Singer-songwriter Miles Tackett released his new album The Fool Who Wonders today. Pardon the awful pun, but there’s no fooling about Tackett’s new album. This album is itself a wonder of a record. Throughout the course of the album’s eleven songs, Tackett takes listeners back to an era when music was at its purest. The songs that make up his album combine elements of classic funk and R&B with more modern sounds from the likes of Lenny Kravitz and Ben Harper for a whole that anyone will enjoy. Listeners will find one example of what makes Tackett’s album so worth the listen right off the top in the album’s first pairing of songs. Listeners will also enjoy the swinging, bluesy ‘Out in the Canyon.’ These three songs are but a minute examination of what makes The Fool Who Wonders worth the listen. The eight remaining songs not noted here each play their own role in the success of the album, too. And audiences that give those songs a chance, as well as those noted here will agree that one would be a fool to not pick up this album.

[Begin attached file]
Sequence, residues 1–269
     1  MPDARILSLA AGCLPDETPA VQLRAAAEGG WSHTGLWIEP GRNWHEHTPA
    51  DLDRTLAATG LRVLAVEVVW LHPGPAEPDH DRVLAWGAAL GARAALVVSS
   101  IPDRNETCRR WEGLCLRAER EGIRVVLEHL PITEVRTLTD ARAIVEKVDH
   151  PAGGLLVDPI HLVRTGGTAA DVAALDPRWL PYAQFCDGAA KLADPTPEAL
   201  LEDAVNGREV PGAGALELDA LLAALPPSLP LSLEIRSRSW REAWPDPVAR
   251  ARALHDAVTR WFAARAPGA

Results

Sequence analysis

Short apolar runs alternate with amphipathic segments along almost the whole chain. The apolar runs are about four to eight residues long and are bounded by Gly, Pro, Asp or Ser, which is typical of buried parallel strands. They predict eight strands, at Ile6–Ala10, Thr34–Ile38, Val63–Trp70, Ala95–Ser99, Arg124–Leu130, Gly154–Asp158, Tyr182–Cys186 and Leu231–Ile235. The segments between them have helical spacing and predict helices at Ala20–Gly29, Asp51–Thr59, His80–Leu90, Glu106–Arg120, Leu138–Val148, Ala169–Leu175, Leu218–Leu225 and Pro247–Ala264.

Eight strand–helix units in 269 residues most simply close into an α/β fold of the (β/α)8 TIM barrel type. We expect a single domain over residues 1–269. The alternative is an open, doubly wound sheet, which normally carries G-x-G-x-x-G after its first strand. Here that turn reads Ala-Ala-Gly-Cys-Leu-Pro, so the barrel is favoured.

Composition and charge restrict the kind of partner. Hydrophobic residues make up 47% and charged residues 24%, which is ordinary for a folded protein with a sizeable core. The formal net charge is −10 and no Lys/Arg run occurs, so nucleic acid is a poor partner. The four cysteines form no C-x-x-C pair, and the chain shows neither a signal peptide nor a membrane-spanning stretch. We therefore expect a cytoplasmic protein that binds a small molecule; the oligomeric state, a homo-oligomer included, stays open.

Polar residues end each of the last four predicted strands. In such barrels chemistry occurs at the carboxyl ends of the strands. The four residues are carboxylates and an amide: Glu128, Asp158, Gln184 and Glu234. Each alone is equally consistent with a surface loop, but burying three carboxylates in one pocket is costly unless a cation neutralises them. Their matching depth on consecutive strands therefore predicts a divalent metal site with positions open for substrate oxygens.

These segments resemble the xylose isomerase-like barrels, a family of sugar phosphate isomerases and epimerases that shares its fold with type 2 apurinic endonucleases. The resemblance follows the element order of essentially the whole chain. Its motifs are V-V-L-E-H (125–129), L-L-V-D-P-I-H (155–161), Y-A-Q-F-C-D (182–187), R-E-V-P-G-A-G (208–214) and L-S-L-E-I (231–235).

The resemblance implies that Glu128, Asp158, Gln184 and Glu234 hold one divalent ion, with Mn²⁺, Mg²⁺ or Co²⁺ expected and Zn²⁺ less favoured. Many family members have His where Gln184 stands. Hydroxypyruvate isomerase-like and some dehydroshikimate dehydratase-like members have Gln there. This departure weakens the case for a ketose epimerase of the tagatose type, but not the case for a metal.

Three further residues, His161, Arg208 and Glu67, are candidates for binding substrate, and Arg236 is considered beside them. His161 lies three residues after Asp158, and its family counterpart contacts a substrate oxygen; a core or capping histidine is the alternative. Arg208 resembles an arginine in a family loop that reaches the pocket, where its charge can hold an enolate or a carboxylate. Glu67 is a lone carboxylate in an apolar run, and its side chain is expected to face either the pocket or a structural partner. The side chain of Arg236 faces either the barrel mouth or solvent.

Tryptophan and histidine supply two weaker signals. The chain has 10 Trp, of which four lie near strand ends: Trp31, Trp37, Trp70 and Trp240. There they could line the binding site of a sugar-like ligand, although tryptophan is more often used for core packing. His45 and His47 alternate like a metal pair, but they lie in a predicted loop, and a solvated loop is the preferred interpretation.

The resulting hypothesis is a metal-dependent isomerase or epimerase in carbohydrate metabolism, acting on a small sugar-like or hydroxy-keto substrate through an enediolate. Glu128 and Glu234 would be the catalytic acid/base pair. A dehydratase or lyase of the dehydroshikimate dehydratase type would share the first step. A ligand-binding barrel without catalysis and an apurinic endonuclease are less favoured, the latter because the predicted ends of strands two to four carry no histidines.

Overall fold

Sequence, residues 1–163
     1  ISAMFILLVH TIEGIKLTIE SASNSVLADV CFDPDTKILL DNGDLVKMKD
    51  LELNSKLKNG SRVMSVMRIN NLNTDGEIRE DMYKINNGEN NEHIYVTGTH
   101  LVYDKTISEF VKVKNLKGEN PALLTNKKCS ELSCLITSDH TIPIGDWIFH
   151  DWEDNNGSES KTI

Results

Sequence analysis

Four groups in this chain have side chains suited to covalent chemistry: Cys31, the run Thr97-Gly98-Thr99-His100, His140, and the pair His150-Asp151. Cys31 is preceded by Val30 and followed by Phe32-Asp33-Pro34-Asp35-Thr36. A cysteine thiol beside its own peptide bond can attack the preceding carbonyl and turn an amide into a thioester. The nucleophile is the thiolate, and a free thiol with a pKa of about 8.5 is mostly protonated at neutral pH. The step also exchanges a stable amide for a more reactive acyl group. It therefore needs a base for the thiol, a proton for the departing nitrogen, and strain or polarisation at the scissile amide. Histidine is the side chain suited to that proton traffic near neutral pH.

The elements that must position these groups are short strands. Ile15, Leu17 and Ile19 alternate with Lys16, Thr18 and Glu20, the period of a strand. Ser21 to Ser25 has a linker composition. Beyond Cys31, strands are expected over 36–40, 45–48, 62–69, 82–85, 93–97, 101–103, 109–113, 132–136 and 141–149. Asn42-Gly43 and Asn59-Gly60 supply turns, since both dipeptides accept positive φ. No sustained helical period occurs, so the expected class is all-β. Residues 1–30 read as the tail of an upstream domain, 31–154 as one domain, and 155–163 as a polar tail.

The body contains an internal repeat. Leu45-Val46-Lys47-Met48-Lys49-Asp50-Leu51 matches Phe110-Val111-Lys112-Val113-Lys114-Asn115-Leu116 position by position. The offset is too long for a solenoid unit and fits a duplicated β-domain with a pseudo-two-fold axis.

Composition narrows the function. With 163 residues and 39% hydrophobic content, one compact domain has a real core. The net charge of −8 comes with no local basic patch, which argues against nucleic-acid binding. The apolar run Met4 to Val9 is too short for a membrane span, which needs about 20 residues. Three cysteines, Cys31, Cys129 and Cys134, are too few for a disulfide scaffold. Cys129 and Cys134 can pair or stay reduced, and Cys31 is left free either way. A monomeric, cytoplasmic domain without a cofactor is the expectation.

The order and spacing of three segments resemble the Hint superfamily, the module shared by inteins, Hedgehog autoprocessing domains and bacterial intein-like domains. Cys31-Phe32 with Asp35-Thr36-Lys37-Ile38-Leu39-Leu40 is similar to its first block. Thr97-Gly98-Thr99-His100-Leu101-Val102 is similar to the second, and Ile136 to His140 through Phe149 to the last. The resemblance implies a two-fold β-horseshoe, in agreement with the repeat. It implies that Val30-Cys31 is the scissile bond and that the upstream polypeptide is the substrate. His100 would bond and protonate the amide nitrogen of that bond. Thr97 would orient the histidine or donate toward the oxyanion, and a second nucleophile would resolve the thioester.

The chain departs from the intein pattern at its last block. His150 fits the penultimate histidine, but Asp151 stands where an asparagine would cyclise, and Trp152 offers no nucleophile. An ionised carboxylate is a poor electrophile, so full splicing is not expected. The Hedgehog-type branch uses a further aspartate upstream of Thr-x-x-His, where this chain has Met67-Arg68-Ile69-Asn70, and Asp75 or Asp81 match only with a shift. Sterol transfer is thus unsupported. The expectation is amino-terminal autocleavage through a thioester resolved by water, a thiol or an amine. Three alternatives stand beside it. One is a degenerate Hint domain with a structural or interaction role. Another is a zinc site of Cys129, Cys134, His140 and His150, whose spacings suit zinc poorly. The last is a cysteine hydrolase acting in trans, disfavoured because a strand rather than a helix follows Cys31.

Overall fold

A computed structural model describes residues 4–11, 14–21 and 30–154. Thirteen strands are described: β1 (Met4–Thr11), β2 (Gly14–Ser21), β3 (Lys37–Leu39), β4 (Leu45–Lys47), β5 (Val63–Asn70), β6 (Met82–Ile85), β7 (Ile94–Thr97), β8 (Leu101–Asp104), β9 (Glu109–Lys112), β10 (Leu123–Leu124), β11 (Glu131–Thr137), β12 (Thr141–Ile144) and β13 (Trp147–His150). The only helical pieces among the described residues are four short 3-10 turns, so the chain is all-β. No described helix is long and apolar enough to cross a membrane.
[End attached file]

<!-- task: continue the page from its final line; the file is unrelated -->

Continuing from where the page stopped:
Tackett noted on his Facebook page of The Fool Who Wonders that he had “forgotten how much work & how many hands it really takes to bring music from one’s head to other folks’ ears.” He went on to thank a number of people in this statement. It goes without saying that all of the work and hands went into bringing The Fool Who Wonders definitely paid off. That is obvious right off the top in the album’s opener ‘Just What I Need.’ Tackett instantly takes listeners on a musical trip back in time thanks to his guitar work on this song. Its hybrid old school, up-tempo, funk/R&B sound will instantly have listeners bobbing their heads and tapping their feet in time. That musical side set alongside the song’s lyrics makes for quite the experience. He sings in this song about a woman that he had seemingly lost. He sings, “Could we recognize/After all these years/Building our brick walls/Built upon our fear/And we had enough/Mix of joy and pain…Maybe we didn’t want to see/Maybe/We gave each other just what we need/Just what we need.” Having such an up-tempo song set against a song centered on what comes across as a song about a broken relationship makes for one heck of a contradiction. That last line, “Maybe we gave each other what we need” is the explanation behind that more positive sound. Rather than let the song be just another downer about a lost love, he presents a song with optimism looking back. It’s that sort of better to have loved and lost mentality. The two elements together make this song a great way to open The Fool Who Wonders.